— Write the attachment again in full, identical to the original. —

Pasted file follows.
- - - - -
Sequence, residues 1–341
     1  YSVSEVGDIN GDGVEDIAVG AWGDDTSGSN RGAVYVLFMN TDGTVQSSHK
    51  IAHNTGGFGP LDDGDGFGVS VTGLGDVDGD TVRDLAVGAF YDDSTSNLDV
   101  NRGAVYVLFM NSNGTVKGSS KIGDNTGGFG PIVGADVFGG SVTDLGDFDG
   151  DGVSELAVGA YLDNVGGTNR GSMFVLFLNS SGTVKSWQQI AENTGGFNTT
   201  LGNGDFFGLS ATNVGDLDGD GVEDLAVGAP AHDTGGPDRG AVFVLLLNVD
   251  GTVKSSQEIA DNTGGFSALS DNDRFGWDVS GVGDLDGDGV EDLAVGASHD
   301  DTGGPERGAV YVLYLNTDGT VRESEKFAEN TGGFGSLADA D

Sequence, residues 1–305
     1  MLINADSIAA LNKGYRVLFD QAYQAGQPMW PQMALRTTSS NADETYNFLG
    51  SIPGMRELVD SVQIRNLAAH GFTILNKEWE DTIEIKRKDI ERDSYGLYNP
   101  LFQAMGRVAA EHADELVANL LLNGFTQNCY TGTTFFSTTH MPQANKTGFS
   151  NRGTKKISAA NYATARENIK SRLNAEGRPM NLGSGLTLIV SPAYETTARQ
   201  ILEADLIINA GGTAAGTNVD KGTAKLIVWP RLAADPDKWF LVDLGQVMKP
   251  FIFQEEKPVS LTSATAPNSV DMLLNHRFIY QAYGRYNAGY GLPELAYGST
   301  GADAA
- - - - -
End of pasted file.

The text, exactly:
Sequence, residues 1–341
     1  YSVSEVGDIN GDGVEDIAVG AWGDDTSGSN RGAVYVLFMN TDGTVQSSHK
    51  IAHNTGGFGP LDDGDGFGVS VTGLGDVDGD TVRDLAVGAF YDDSTSNLDV
   101  NRGAVYVLFM NSNGTVKGSS KIGDNTGGFG PIVGADVFGG SVTDLGDFDG
   151  DGVSELAVGA YLDNVGGTNR GSMFVLFLNS SGTVKSWQQI AENTGGFNTT
   201  LGNGDFFGLS ATNVGDLDGD GVEDLAVGAP AHDTGGPDRG AVFVLLLNVD
   251  GTVKSSQEIA DNTGGFSALS DNDRFGWDVS GVGDLDGDGV EDLAVGASHD
   301  DTGGPERGAV YVLYLNTDGT VRESEKFAEN TGGFGSLADA D

Sequence, residues 1–305
     1  MLINADSIAA LNKGYRVLFD QAYQAGQPMW PQMALRTTSS NADETYNFLG
    51  SIPGMRELVD SVQIRNLAAH GFTILNKEWE DTIEIKRKDI ERDSYGLYNP
   101  LFQAMGRVAA EHADELVANL LLNGFTQNCY TGTTFFSTTH MPQANKTGFS
   151  NRGTKKISAA NYATARENIK SRLNAEGRPM NLGSGLTLIV SPAYETTARQ
   201  ILEADLIINA GGTAAGTNVD KGTAKLIVWP RLAADPDKWF LVDLGQVMKP
   251  FIFQEEKPVS LTSATAPNSV DMLLNHRFIY QAYGRYNAGY GLPELAYGST
   301  GADAA